A Better Plastic
Researchers at the University of Leeds and Durham University have solved a long-standing problem that could revolutionize the way new plastics are developed. The breakthrough will allow experts to create the perfect plastic with specific uses and properties by using a high-tech 'recipe book'. It will also increase our ability to recycle plastics. The research is published in the journal Science.
A plastic material is any of a wide range of synthetic or semi-synthetic organic solids used in the manufacture of industrial products. Plastics are typically polymers of high molecular mass, and may contain other substances to improve performance and/or reduce production costs. Monomers of plastic are either natural or synthetic organic compounds.
The paper's authors form part of the Microscale Polymer Processing project, a collaboration between academics and industry experts which has spent 10 years exploring how to better build giant macromolecules. These long tangled molecules are the basic components of plastics and dictate their properties during the melting, flowing and forming processes in plastics production.
Low-density polyethylenes (LDPEs) are used in trays and containers, lightweight car parts, recyclable packaging and electrical goods. Up until now, industry developed a plastic then found a use for it, or tried hundreds of different recipes to see which worked. This method could save the manufacturing industry time, energy and money.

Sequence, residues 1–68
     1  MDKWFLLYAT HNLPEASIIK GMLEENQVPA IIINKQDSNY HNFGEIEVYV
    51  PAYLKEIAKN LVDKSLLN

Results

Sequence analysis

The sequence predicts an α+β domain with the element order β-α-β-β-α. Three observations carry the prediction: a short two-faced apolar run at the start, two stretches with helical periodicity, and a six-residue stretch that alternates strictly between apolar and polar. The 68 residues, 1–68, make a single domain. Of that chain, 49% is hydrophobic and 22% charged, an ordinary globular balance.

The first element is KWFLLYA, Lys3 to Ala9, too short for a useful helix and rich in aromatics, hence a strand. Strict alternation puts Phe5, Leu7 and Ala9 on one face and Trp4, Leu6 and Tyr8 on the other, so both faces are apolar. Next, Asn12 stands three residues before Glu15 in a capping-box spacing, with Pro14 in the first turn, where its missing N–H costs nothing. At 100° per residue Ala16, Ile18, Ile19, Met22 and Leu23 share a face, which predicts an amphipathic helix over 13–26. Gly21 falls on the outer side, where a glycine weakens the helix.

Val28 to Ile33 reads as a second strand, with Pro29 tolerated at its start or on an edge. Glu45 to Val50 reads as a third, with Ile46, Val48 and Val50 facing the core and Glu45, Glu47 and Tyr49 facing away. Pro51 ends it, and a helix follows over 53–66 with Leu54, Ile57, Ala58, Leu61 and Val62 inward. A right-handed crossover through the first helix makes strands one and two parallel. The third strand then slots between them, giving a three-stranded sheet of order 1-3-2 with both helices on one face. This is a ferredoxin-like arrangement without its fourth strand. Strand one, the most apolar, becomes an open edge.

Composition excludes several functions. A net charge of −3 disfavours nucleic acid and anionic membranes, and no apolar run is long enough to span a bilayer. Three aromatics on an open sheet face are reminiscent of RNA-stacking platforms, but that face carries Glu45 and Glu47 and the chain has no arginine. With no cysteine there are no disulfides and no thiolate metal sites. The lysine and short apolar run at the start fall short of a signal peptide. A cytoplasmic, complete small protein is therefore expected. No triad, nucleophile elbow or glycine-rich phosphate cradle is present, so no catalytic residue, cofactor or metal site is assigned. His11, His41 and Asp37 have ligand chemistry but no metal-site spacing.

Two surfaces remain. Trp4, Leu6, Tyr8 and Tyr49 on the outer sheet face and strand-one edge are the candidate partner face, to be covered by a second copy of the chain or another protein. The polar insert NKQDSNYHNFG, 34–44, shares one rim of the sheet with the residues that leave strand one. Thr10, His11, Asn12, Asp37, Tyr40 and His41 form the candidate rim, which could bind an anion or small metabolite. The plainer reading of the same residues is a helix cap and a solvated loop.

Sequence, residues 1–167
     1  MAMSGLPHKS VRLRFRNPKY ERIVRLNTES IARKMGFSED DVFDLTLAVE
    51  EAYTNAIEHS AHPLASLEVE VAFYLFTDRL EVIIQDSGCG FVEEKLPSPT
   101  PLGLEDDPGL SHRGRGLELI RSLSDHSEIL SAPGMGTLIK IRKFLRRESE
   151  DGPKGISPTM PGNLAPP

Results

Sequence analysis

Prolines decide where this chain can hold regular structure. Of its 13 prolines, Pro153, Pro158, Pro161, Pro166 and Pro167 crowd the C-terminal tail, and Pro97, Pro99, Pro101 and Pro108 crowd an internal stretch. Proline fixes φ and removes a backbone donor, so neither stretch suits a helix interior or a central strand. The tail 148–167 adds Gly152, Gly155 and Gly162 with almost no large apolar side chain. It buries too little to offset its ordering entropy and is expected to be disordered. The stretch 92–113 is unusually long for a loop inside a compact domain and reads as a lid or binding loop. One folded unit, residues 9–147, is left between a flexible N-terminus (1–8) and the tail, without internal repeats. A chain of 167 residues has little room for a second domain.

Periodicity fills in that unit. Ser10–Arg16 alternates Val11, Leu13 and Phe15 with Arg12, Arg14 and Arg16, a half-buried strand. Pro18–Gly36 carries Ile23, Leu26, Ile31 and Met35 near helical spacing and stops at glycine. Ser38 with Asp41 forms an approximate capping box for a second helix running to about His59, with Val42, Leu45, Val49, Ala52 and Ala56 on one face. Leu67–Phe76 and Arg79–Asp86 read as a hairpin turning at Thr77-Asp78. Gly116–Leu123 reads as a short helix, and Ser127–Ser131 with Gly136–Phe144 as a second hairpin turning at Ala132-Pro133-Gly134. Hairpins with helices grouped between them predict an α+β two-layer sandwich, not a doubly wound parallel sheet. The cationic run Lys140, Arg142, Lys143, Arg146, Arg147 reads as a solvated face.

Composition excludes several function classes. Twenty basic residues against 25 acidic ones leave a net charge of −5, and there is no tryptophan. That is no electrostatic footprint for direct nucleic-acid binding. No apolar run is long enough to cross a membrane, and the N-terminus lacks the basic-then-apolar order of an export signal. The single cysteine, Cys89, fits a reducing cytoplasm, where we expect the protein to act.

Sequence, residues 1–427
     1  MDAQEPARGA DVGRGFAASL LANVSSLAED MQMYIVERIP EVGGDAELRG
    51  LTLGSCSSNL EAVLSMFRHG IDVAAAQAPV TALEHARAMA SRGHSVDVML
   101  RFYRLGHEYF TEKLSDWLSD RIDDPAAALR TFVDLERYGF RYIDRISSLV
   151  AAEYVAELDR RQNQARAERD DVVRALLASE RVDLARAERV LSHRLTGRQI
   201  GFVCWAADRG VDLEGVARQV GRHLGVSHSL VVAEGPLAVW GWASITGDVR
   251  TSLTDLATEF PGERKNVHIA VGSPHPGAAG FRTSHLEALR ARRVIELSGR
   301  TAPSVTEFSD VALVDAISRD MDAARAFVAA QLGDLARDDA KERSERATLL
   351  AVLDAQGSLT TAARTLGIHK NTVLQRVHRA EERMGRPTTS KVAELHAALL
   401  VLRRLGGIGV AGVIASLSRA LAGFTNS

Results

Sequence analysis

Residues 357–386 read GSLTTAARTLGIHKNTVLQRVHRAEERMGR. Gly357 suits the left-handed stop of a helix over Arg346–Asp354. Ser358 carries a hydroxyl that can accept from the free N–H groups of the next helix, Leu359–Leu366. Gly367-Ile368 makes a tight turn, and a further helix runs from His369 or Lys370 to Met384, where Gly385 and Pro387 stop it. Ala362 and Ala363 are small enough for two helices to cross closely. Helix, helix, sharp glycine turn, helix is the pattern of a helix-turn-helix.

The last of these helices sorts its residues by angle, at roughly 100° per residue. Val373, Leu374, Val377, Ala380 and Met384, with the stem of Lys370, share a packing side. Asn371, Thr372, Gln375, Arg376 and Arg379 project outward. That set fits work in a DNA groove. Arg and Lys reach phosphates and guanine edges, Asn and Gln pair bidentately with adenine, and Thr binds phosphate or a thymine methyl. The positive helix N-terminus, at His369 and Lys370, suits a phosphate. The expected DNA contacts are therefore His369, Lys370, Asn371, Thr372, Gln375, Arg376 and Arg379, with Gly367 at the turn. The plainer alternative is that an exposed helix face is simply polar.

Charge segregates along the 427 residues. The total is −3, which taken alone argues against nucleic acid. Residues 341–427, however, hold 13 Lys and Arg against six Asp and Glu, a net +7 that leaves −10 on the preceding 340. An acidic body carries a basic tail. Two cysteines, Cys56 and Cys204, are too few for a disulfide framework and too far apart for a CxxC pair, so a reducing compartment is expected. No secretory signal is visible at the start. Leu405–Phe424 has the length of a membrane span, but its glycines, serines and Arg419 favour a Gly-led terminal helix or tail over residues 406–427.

The mathematical models used put together two pieces of computer code. The first predicts how polymers will flow based on the connections between the string-like molecules they are made from. A second piece of code predicts the shapes that these molecules will take when they are created at a chemical level. These models were enhanced by experiments on carefully synthesized perfect polymers created in labs of the Microscale Polymer Processing project.
Dr Daniel Read, from the School of Mathematics, University of Leeds, who led the research, said: "Plastics are used by everybody, every day, but until now their production has been effectively guesswork. This breakthrough means that new plastics can be created more efficiently and with a specific use in mind, with benefits to industry and the environment."
Professor McLeish added that as plastics production moves from oil-based materials to sustainable and renewable materials, the trial and error phase in developing new plastics could now be by-passed. He said: "By changing two or three numbers in the computer code, we can adapt all the predictions for new bio-polymer sources."
Dr. Ian Robinson of Lucite International, one of the industrial participants in the wider project said: "The insights offered by this approach are comparable to cracking a plastics DNA."